Showing posts from January, 2009

Jesus, the revelation of God

I was reading in the newspaper of a clergyman working in retirement as a fire department chaplain. As I read the article, I found myself admiring his wonderful ministry of love to fire department personnel and fire victims. However, I was saddened by his statement that... If Jesus is the only way to salvation and you believe that, you follow that for you...I just have trouble with people saying 'I know my way is the right way.' If God is real - and I believe that's true - God is truth with a capital 'T.' You can't talk about an infinite being using finite language. Everybody's belief is, in reality, an assumption.  While I sympathize with part of his statement, I beg to differ with his assertion that "you can't talk about an infinite being [i.e. God] using finite language."  In essence, he is claiming that God is inaccessible in any full sense to human understanding.   But the stunning truth about God given to us in Holy Scripture, i

What About Being Born Again?

Does belief that all humanity is included in Jesus, conflict with the idea of a personal new birth (regeneration)?  Let me answer by first quoting N.T. Wright's book, "Surprised by Hope." He speaks on pp. 270-272 of regeneration and the related topic of baptism: One of the most striking mentions of the new birth is found in the great opening of 1Peter [v. 3]. God in his great mercy has given us a new birth to a living hope by the resurrection of Jesus Christ from the dead. Jesus's resurrection is directly instrumental in bringing about this new birth and its consequences. It is all because of what happened at Easter: a new reality has opened up in the world, a new kind of life both inward and, importantly outward in holiness and in the hope of our own resurrection... Baptism too... is closely allied with the resurrection of understood within the theology of creation and new creation, and of the overlapping of heaven and earth...The resurrection o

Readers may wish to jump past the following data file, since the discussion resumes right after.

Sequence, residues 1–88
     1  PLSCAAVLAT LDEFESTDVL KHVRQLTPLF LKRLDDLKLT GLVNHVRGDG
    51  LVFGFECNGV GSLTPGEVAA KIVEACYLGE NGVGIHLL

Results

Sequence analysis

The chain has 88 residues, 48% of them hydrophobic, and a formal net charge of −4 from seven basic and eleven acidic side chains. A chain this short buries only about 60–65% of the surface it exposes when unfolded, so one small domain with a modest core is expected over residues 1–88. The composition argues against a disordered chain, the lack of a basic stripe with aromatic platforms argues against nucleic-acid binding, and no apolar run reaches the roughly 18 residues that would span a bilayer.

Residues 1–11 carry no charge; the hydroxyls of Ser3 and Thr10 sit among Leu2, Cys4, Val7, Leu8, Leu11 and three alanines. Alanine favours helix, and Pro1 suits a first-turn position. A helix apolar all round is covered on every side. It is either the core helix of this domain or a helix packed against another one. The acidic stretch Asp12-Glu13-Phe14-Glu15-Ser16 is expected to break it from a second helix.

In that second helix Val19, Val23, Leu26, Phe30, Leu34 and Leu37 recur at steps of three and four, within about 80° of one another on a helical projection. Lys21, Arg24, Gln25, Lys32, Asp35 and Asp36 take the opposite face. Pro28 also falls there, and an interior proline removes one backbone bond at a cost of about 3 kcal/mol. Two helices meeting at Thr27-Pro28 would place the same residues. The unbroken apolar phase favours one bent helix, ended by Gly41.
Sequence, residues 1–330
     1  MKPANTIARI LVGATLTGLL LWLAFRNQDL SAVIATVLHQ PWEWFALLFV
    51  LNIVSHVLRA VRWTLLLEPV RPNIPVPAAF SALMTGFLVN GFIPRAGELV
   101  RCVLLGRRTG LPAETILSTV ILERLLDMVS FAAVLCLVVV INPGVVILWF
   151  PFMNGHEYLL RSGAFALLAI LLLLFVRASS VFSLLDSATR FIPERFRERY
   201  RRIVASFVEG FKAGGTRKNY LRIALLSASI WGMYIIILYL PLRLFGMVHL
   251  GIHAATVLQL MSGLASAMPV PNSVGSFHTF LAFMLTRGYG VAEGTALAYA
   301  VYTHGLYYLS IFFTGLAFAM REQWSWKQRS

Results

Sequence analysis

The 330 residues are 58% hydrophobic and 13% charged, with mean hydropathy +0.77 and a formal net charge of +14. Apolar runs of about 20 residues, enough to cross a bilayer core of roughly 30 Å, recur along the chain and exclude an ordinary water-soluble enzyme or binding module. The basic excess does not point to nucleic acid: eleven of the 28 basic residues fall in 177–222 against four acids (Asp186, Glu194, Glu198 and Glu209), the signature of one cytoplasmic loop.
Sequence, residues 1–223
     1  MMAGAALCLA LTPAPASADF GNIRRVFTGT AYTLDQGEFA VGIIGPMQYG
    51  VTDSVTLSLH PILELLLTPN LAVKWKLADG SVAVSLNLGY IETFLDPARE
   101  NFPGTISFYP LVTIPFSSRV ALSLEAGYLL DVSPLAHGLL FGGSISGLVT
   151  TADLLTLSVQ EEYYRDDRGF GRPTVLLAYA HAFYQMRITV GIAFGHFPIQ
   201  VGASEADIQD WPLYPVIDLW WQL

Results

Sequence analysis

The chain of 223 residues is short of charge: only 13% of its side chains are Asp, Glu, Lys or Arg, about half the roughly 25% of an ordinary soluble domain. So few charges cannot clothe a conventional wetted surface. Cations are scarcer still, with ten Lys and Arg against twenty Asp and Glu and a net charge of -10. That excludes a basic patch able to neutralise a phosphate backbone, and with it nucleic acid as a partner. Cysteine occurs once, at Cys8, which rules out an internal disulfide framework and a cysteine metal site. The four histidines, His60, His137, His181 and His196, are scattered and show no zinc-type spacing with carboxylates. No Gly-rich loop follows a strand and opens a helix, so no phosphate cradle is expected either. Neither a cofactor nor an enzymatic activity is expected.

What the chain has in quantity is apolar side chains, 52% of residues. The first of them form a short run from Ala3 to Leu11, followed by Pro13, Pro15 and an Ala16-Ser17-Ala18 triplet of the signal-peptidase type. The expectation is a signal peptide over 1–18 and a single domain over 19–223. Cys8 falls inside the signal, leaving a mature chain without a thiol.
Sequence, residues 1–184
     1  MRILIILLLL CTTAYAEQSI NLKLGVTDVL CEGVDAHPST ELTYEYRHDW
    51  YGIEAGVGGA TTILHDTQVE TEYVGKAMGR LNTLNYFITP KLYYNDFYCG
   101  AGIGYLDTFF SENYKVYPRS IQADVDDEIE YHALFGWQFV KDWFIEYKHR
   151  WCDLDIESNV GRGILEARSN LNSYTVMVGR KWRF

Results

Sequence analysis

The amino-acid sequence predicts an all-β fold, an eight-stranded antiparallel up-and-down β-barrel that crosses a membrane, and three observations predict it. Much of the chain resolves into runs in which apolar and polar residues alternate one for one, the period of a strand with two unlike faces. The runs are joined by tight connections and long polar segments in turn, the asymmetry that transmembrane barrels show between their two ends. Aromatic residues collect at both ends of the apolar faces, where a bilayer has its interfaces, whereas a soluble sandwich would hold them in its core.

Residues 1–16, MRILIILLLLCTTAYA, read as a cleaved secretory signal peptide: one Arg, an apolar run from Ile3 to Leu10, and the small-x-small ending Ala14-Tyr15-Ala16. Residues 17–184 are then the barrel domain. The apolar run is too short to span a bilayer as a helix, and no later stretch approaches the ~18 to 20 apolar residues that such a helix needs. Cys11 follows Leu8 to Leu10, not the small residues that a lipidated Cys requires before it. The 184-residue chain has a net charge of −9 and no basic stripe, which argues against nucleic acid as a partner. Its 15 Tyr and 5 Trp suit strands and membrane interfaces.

The primary task of ministry

In "The Crucifixion of Ministry" Andrew Purves tells us that Christian ministry is our participation in what Jesus is doing. Thus the primary task of our ministry is to bear witness to Jesus. In that regard, Purves references the Isenheim altarpiece painting by Matthias Grunewald (shown at left). Note the hands in the painting. Our ministry is typified by the hands of John the Baptist (at right) who directs our gaze away from himself to Jesus. At John's right hand are the words (in Latin) of John 3:30: "He must increase, but I must decrease."   Purves comments further on the painting: We should note the other hands in the painting. The primary direction is to look to the crucified Jesus. His enlarged hands show the agony of his atoning death for us. Then there are the enlarged praying hands of Mary Magdalene and the enlarged comforting hands of the apostle John. The other hand of the Baptist holds the open Bible. Even the Lamb at the foot of the cross

Epiphany and Parousia

In anticipation of Epiphany, I'm struck by the words of T.F. Torrance in "Incarnation, the Person and Life of Christ," p. 316: The New Testament constantly thinks of the parousia  in terms of epiphany, for the relation between the today and the eschaton  is much more a tension between the hidden and the manifest, the veiled and the unveiled, than between dates in calendar time. What is still in the future is the full unveiling of a reality, but the reality itself is fully present here and now. Epiphany reminds us that with the birth of Jesus, God became God with us (Immanuel). With this advent, the Kingdom is now present to us in the person of its King - unveiled (revealed) to us personally, as we await, in hope, the full unveiling (revealing) yet to come when Jesus returns bodily in the fulness of his glory, ushering in the fullness of his Kingdom in a new heaven and new earth. In Epiphany we may think of Jesus' unveiling as a revealing that occured in the